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French giving up its hostility to anglophone words?


NormanH

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But the people sort of have allowed english words in anyway over the years.  This is just more 'official' isn't it?

The academie is full of itself, what with it's embroided jackets and swords........ and there was me thinking that the pen was mightier than the sword, didn't Victor Hugo say that, or have I misremembered?........

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They could make a start by recognising those foreign words that they already use and pronouncing them in the correct manner for the original language, by and large all English speakers do this when using French words and common place names (exceptions like Reims accepted) but the French steadfastly refuse, no Wonder they have so much trouble Learning English or ordering a cheeseburger and fries in Macdo's anywhere else in the world.

And then to top it all the minister who seems to be forward looking trots out this old claptrap:

However, she conceded some terms simply did not make sense in French – especially those relating to digital subjects, such as email and e-commerce. The English e sound is represented by the letter i in French.

“The word e-commerce, for example, makes no sense in French from a linguistic point of view because the ‘e’ is not pronounced the same, so we have to think about this,” the minister said.

Heaven forbid that we should expect people to think the first time they pronounce a foreign word [:'(]

The rest of us just adapt by saying un mél instead of E-mail or courriel and have no problem making ourselves understood.

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It would be nice if a sweat shirt was not called 'sweet', that I admit, but it is a two way thing.........

could we get english speakers to pronounce 'vu' properly as they should when saying deja vu? As it is they say "already 'you'", which is nonsense and drives me mad........ so maybe I'll take my MIL's attitude and say san fairy ann about it all[6]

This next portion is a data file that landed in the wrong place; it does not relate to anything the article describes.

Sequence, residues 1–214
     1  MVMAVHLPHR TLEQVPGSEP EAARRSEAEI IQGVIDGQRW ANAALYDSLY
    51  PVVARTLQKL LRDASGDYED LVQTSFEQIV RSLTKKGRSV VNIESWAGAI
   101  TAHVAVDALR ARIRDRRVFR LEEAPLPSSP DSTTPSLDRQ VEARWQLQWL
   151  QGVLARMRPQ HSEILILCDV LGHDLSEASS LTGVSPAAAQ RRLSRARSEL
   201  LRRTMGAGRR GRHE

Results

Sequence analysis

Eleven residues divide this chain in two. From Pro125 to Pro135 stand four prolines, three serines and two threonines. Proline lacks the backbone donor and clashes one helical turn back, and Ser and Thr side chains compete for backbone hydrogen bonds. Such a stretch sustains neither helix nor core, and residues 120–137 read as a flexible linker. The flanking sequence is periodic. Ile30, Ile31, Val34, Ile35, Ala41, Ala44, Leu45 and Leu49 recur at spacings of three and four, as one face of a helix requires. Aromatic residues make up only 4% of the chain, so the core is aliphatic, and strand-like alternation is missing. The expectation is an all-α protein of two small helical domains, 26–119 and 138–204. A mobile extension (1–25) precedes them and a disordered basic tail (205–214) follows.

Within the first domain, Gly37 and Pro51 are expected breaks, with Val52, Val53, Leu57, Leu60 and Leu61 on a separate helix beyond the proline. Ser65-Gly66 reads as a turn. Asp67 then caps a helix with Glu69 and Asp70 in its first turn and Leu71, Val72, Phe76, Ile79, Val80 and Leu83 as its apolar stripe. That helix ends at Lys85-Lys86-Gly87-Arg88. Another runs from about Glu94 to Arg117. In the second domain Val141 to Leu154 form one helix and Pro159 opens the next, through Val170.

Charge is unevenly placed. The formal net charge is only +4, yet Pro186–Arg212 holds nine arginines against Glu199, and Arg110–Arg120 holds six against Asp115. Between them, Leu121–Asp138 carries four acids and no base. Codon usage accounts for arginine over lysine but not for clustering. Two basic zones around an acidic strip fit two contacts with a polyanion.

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Good examples and you would need to have a French speakers ear to appreciate the difference, being spoken in English between English speakers the subtilitities are perhaps not as important but in general, in English when a French word is used there is a desire to pronounce it in the correct way that is not only absent with the French but quite the opposite, they will go to great legths not to.

It makes me cringe when I see French TV presenters who speak superb English having to deliberately mispronouce in front of camera, even when using a word that is not known to the French, a business term for instance that they have to explain the meaning of.

Many many French words in the English language that are pronounced correctly I am sure most people dont even realise, if they reflected they would notice that they correctly pronounce them is different to the general rule in English.

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I alway remember a French TV interview with James Hunt at the height of his F1 career.

The interview was being conducted in French and Hunt was acquitting himself quite well, until the interviewer asked him what he liked to do outside F1 driving.

"Avez-vous des hobbies?" He was asked. The pronunciation of "hobbies" with, of course, no attempt at sounding the "h" just left him completely baffled, and the interviewer had to rephrase the question before he twigged.
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[quote user="You can call me Betty"]I alway remember a French TV interview with James Hunt at the height of his F1 career.

The interview was being conducted in French and Hunt was acquitting himself quite well, until the interviewer asked him what he liked to do outside F1 driving.